Timor Sea Drilling Spill – Questions Remain

Permanent plugs have successfully been installed and pressure-tested in the notorious H1 well that blew out on August 21, 2009, in the Timor Sea and spewed oil and gas for 71 days. Some information is now trickling out as the Australian government investigates the causes and consequences of the Montara / West Atlas blowout and ten-week oil spill. News accounts have focused on the drilling contractor’s apparent failure to install a basic piece of safety equipment called a corrosion cap. This seems like a serious mistake for a major offshore drilling contractor like Seadrill. But we’re not yet sure that the lack of this cap could, on its own, cause the well to blow out.

Upstream’s coverage provides the most technical detail. Apparently there was an existing weakness in the well due to a poor cementing job. Ho hum, cement…but as they say, the devil is in the details…so bone up on well drilling (especially the section on cementing) before you go much further:

the source of the flow was in the 244 millimetre casing and the most likely cause of that was a channel in the cement in the shoe track casing

This article also raises a lot of questions. It states that in August PTTEP determined no corrosion cap had been installed when the H1 well was suspended in March. Yet on August 20, “the corrosion cap was removed” to “clean corroded casing threads,” the cap “was not reinstalled,” and the well blew out the next day:

  • Does this mean that Seadrill actually had installed a pressure cap on the H1 well?
    • If so, when exactly did that happen?
  • Was the removal of that cap to “clean corroded casing threads” unusual, or is that a common thing to do?
    • If common, what are the safety procedures during this operation, and were they being followed?
  • Was Seadrill (or some other contractor?) doing that work on the H1 well at the same time they were actively drilling a new well at the platform, as initially reported?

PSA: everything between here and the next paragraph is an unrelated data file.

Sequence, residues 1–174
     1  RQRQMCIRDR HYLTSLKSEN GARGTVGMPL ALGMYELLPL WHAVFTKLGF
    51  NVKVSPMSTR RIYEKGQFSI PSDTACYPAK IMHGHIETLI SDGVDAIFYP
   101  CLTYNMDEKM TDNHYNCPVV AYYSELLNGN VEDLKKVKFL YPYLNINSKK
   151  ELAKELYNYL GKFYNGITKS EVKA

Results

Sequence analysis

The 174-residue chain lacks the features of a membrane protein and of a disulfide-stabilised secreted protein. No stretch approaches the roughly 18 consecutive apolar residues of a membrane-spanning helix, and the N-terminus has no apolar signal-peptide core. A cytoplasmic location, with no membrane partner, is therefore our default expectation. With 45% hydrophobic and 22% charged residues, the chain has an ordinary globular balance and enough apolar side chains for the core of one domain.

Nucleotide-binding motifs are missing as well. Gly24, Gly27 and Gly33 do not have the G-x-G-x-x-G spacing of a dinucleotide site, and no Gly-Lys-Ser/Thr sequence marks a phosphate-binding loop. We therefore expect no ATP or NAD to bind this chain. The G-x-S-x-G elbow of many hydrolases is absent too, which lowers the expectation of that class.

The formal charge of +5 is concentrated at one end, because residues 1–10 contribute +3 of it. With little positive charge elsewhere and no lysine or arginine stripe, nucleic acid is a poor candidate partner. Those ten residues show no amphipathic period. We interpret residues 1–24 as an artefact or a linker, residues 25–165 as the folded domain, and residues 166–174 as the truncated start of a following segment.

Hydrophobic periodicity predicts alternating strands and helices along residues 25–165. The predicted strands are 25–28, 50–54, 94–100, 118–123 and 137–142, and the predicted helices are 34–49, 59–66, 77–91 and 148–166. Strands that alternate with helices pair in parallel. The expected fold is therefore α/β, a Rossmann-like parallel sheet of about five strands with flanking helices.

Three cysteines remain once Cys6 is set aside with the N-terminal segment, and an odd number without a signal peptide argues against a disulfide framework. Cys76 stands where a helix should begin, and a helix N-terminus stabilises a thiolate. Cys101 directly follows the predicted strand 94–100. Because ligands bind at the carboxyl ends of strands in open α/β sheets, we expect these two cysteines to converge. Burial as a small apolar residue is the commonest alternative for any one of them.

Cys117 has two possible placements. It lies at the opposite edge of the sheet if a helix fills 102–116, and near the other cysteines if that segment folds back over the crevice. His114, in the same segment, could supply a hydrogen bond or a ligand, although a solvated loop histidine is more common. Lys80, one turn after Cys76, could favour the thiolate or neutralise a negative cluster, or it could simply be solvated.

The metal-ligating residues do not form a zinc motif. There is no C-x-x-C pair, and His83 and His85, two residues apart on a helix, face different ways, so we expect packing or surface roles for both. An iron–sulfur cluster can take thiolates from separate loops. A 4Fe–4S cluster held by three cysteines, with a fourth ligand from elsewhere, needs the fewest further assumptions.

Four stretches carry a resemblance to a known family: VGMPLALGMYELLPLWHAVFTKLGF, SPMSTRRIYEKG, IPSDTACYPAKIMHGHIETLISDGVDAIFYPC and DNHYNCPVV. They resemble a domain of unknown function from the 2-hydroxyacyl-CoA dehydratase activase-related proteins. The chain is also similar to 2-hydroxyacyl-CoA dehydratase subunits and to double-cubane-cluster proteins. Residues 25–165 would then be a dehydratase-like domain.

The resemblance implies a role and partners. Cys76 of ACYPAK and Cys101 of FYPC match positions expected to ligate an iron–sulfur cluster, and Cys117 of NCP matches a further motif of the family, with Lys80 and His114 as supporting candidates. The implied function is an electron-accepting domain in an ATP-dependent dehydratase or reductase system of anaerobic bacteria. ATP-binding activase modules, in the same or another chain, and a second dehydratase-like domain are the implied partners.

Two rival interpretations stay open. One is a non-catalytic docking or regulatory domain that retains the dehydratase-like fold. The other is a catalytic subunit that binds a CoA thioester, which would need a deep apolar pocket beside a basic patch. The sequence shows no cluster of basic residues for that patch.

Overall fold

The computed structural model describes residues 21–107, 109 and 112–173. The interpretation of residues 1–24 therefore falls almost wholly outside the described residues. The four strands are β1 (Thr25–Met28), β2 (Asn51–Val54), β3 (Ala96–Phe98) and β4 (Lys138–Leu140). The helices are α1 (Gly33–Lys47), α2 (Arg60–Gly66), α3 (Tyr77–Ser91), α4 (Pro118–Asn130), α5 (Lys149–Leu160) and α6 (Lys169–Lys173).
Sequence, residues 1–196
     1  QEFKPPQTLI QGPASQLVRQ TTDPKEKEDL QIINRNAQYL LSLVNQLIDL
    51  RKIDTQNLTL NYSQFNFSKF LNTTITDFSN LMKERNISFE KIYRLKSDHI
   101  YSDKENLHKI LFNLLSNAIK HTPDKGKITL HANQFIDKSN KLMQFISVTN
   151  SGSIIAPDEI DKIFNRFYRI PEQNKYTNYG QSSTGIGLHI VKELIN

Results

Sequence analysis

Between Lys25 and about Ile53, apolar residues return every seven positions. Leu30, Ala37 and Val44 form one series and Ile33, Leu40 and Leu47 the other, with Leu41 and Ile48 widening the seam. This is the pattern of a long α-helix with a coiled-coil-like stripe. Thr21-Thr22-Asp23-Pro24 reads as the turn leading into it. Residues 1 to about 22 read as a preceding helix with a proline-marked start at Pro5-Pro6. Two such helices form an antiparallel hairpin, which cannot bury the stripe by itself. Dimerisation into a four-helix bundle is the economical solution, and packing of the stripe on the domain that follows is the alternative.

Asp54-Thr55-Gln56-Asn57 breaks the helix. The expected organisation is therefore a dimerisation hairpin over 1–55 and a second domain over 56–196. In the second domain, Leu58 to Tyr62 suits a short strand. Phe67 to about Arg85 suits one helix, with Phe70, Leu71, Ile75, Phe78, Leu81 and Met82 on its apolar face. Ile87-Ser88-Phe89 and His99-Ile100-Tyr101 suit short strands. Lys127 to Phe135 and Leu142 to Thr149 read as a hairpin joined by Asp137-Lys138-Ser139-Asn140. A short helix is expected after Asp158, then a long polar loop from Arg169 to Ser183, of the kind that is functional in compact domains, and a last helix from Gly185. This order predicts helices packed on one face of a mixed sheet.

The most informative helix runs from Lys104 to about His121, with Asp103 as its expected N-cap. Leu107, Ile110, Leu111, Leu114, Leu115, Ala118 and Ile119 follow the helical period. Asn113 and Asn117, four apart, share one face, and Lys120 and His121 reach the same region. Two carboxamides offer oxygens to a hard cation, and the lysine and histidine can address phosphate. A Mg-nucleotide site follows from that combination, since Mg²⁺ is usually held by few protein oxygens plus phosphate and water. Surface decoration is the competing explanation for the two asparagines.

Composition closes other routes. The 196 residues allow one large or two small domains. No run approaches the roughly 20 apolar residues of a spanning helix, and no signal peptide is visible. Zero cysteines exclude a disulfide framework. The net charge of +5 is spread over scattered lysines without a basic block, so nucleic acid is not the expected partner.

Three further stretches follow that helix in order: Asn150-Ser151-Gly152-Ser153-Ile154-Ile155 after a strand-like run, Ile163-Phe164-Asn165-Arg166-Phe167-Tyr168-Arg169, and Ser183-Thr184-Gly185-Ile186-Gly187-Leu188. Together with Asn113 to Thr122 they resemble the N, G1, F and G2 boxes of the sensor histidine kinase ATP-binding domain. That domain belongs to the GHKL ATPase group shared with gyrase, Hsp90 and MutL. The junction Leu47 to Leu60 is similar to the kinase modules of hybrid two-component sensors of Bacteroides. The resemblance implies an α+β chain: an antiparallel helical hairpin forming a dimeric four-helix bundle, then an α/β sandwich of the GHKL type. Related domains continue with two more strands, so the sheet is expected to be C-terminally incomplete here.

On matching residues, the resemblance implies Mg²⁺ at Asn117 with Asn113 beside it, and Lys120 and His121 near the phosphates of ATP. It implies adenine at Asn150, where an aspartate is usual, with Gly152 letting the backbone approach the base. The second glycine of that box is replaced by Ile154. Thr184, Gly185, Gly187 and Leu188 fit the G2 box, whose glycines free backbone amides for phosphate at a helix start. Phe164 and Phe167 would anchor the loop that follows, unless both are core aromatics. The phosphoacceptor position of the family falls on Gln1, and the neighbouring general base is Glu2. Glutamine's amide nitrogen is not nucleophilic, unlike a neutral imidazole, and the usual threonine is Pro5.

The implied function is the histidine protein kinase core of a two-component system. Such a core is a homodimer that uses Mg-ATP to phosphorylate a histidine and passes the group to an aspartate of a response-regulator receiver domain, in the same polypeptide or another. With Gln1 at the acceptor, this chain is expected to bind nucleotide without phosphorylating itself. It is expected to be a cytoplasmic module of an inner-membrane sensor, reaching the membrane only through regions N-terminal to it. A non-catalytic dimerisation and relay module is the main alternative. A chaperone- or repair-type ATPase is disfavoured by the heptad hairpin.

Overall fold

• If so, is that allowed, and does it conform with industry standard practice?
  • What has been done to suspend or abandon the well that Seadrill had been drilling when the H1 blowout occurred?
  • What will be done with the other suspended wells and the Montara platform structure?
  • Why was the bulk of the fire centered on the West Atlas rig, rather than on the Montara platform? Check out the pictures and spectacular video.
    • This suggests to me that the well that was being drilled is the one that ignited, rather than the H1 well. If so, why?

Wonky stuff, for sure. But it’s important to get all of these questions asked, and answered, before the government closes the books on this investigation, so we can be sure we know what really happened.

Meanwhile, another tropical cyclone is making a Montara drive-by. This time it’s Magda, a Category 2 storm with sustained winds of 60-70 knots. On January 21 at 0:50 hours Zulu time, this MODIS Terra satellite image showed the eye of Magda to be about 186 km southwest of the Montara oil platform. The storm is moving almost directly south, and should not pose a threat to operations as crews are now assessing the structural integrity of the fire-damaged platform.

Timor Sea Drilling Spill – Montara Well is Permanently Plugged

Good news out of Australia – the well that blew out on August 21, spilled crude oil into the ocean and natural gas into the air for ten weeks, then caught fire and burned out of control for 2 days when the leak was finally stopped – has been permanently plugged and capped, according to a report from Upstream Online today. That’s almost five months since the blowout occurred. No doubt the plugging operation was made a bit more complicated due to fire damage sustained by the Montara oil platform:

No word yet on what will be done with the other wells that had already been drilled at the Montara platform. Will they too be permanently plugged, capped and abandoned? Or will the operator, PTTEP Australasia, attempt to put them into production?

Read all about the Timor Sea blowout and spill on this blog, and see photos and satellite images of the spill in SkyTruth’s gallery.

Human Error Redux

We closed out 2009 with another stunning reminder that human error still poses a major risk for oil spills and other environmentally significant accidents: a high-tech escort tug, the Pathfinder, hit the very same well-mapped reef in Prince William Sound that the Exxon Valdez ran up against twenty years ago. Unlike the earlier tanker accident, which spilled 11 million gallons of crude oil and crippled some Alaska fisheries and communities, this one only resulted in a minor spill of 100 gallons or so of fuel oil. But this latest accident is disturbing because the Pathfinder’s job is to escort laden oil tankers safely through these ecologically important Alaskan waters.

If the safety escort hits a notorious reef, then just how safe is this operation? As noted in this December 30 article in the Alaska Dispatch: